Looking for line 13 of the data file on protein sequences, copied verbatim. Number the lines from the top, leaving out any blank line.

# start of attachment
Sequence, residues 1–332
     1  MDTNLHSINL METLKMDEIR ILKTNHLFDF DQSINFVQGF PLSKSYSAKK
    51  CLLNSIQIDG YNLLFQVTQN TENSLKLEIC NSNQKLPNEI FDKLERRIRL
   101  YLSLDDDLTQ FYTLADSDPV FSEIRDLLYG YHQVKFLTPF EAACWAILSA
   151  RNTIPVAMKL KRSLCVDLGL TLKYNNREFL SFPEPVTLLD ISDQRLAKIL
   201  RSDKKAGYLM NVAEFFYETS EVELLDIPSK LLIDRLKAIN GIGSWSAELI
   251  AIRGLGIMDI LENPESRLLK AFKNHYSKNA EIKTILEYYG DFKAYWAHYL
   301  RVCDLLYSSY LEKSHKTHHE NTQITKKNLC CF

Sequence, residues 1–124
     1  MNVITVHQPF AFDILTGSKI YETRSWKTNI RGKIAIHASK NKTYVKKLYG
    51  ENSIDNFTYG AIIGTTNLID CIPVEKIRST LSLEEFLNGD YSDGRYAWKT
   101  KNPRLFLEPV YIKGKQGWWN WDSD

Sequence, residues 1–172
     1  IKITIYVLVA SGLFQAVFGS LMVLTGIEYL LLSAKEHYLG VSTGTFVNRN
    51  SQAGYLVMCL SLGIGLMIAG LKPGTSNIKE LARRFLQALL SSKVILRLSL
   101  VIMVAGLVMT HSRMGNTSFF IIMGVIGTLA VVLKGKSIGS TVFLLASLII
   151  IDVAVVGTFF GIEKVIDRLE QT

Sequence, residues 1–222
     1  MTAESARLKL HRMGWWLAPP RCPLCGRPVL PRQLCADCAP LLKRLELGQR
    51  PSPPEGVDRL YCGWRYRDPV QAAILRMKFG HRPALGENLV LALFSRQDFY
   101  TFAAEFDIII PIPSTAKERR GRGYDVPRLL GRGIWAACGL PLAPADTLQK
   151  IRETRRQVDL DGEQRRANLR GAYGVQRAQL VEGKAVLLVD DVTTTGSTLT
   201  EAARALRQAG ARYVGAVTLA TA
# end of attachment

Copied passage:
Sequence, residues 1–172